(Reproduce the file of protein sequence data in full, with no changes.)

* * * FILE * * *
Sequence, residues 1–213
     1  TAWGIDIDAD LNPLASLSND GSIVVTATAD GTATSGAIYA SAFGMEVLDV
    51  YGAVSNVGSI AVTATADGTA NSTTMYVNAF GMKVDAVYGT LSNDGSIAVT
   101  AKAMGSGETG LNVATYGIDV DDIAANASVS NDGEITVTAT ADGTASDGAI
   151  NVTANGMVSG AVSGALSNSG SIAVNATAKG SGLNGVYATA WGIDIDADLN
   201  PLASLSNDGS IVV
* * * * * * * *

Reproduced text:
Sequence, residues 1–213
     1  TAWGIDIDAD LNPLASLSND GSIVVTATAD GTATSGAIYA SAFGMEVLDV
    51  YGAVSNVGSI AVTATADGTA NSTTMYVNAF GMKVDAVYGT LSNDGSIAVT
   101  AKAMGSGETG LNVATYGIDV DDIAANASVS NDGEITVTAT ADGTASDGAI
   151  NVTANGMVSG AVSGALSNSG SIAVNATAKG SGLNGVYATA WGIDIDADLN
   201  PLASLSNDGS IVV